Manukura was a white kiwi bird - the only known white kiwi in the world! She was born at the National Wildlife Centre Pukaha, in the Wairarapa region of the North Island of New Zealand, on 1 May 2011.
Manukura was not albino (where there is a lack of melanin that makes pigmentation white and features pink eyes), but, pure white, which means she was the rare progeny of two parents who carry the recessive white feather gene. Manukura’s parents came from predator-free Little Barrier Island (700 kilometres, 435 miles north of Pukaha) along with 28 other kiwi in 2010 in the single largest translocation of kiwi known. The purpose of the translocation was to boost kiwi population at Pukaha. The result of that breeding season was 14 healthy chicks, most of which were released into our forest. Elders from the Rangitane o Wairarapa iwi (the local tribe) saw the chick as a tohu (sign) of new beginnings and gave her the name 'Manukura', which translated means "of chiefly status".
At the National Wildlife Centre, kiwi eggs are collected at night when the male is off the egg and out feeding. They are brought into the kiwi nursery where they are incubated and hatched at around 80-90 days. The chicks are raised in captivity until they weigh 1.2 kg when they are released into the wild. Visitor numbers at the centre soared once Manukura captured world-wide attention. “Manukura has certainly raised awareness of our work here to restore the forest and reintroduce native species. We need all the support we can get to maintain our intensive pest control programme which is funded mostly by community efforts.” - Kathy Houkamu.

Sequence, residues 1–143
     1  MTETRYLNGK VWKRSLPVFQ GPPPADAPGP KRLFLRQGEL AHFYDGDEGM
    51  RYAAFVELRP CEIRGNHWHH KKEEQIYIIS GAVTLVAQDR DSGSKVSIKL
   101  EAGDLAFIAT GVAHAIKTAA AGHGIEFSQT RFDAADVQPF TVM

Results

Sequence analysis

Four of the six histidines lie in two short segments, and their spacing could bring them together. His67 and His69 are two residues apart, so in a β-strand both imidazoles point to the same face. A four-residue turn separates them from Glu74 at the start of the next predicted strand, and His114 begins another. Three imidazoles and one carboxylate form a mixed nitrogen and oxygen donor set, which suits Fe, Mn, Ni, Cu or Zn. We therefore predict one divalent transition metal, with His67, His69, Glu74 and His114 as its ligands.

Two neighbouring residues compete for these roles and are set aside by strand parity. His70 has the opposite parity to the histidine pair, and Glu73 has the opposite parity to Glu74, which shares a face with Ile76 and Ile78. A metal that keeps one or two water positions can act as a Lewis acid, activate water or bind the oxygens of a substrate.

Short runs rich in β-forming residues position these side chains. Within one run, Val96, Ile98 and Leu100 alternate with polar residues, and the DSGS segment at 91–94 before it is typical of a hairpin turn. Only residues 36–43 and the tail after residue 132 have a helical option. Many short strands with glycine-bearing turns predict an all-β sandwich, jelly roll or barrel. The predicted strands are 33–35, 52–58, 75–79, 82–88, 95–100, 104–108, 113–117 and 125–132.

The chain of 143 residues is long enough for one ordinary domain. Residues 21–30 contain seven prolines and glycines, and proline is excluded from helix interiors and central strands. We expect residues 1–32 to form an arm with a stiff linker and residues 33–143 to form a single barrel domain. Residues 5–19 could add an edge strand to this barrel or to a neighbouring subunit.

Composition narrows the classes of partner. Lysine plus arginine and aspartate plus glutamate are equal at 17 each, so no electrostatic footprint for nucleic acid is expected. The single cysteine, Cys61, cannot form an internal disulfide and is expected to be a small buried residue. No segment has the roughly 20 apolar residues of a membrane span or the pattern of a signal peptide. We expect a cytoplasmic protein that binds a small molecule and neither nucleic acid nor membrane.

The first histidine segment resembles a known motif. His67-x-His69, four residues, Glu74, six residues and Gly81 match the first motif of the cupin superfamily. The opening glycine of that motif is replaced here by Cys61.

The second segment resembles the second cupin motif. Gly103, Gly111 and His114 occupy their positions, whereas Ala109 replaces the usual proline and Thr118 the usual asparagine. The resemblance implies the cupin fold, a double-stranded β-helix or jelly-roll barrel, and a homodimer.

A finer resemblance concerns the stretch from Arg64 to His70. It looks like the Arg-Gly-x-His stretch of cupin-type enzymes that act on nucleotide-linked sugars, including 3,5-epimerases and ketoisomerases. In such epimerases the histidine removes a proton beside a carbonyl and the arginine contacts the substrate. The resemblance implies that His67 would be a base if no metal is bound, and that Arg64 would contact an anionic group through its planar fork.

'Manu' goes exploring
Back in 2019 we decided to send our very own little white kiwi called 'Manu' (Manukura's long lost brother) out to explore...
- Young kiwi in captivity feed themselves on worms and insects and receive a top-up of ox heart, vegetables, bananas, cat biscuits and a special kiwi supplement. The special captive diet keeps the kiwi’s nutrient intake balanced and close to what they would eat in the wild.
- Female kiwi weigh up to 3kg and males up to 2kg. Females are bigger to accommodate their eggs which are huge in proportion to their body size. A kiwi egg takes up about 20 percent of the female's body size compared to 5 percent for a human baby.
- The hatch weight of a kiwi is usually 320g - 350g.
- It takes up to six months for a juvenile kiwi to reach the release weight of 1200g.
- Female kiwi are generally more stroppy than males and harder to handle because of this and their comparative size.
- Kiwi reach breeding age at 2 - 3 years.
- Kiwi have a lifespan of approximately 30 years.
(Courtesy of the Department of Conservation)